Abstract/Syllabus:

Trout, Bernhardt, 10.675J Computational Quantum Mechanics of Molecular and Extended Systems, Fall 2004. (Massachusetts Institute of Technology: MIT OpenCourseWare), http://ocw.mit.edu (Accessed 09 Jul, 2010). License: Creative Commons BYNCSA
Computational Quantum Mechanics of Molecular and Extended Systems
Fall 2004
Tetrahedral Hbonded water pentamer figure, OO 0.282 nm, OO 0.282 nm, OOO 109.47°. From Hydrogen Bonding in Water. (Image courtesy of Professor Martin Chaplin, London South Bank University. Used with permission.)
Course Highlights
This course features a complete set of assignments and downloadable lecture notes.
Course Description
The theoretical frameworks of HartreeFock theory and density functional theory are presented in this course as approximate methods to solve the manyelectron problem. A variety of ways to incorporate electron correlation are discussed. The application of these techniques to calculate the reactivity and spectroscopic properties of chemical systems, in addition to the thermodynamics and kinetics of chemical processes, is emphasized. This course also focuses on cutting edge methods to sample complex hypersurfaces, for reactions in liquids, catalysts and biological systems.
*Some translations represent previous versions of courses.
Syllabus
Overview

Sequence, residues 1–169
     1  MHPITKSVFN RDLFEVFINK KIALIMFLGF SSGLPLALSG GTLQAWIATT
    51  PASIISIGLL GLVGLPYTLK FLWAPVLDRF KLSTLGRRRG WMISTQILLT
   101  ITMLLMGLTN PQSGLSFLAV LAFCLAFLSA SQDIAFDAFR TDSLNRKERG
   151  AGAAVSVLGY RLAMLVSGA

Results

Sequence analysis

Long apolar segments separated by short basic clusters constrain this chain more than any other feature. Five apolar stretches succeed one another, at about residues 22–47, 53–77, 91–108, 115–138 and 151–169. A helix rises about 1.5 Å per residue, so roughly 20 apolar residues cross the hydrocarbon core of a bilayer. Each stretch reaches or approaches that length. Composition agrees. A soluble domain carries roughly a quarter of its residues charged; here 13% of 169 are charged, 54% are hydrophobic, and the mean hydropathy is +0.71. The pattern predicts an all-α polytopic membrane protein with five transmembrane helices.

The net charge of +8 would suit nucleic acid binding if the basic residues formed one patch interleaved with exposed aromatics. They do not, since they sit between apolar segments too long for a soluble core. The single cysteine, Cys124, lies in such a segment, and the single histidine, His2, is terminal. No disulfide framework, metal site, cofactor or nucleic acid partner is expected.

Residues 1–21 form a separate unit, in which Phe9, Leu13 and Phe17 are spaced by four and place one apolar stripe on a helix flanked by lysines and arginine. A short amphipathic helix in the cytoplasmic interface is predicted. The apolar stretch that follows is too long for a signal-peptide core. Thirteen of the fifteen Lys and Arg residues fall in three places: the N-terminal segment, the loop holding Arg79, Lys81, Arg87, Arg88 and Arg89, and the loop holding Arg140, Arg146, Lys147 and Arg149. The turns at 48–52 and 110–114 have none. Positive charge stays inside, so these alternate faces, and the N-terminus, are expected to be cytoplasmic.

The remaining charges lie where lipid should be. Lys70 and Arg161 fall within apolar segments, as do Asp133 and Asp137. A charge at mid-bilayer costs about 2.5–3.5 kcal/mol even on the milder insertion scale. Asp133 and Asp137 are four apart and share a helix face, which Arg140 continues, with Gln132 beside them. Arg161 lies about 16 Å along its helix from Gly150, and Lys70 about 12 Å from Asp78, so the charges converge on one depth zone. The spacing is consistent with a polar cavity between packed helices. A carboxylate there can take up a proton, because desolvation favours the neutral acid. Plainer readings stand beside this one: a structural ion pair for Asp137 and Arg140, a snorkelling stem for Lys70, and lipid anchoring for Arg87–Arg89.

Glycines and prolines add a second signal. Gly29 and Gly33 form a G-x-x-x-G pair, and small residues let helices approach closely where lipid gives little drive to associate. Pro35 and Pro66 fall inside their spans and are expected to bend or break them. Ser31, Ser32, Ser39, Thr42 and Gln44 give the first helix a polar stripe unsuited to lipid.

The course teaches the art of quantum mechanical calculations from both the chemistry and physics point of view. It, thus, falls somewhere between a laboratory course and a lecture course. In a laboratory course, you must learn by doing, and it is more important that you learn how to run the equipment well and how to interpret the data than that you learn how a piece of equipment is constructed and what exactly is under its cover. Similarly, in this course, you will learn how to run various quantum codes correctly and how to interpret the output of the codes, but you will not necessarily need to know how each algorithm in the 100's of 1000's of lines of code works. On the other hand, you will learn the theories behind the computer codes, so that you will be able to interpret the output of the codes. You will also learn about applications of computational quantum mechanical methods, in order to understand their potential and scope. Finally, you will gain insight into the current research and development of these methods to know where the field is going and what to expect in the future.
Course Objectives

Learn a different approach to solving scientific and engineering problems: performing quantum mechanical calculations and understanding their scope, possibilities and limitations.

Be able to perform calculations during your research at MIT, in Practice School, and in your future work. (Several students of this class have published papers in major journals based on their projects.)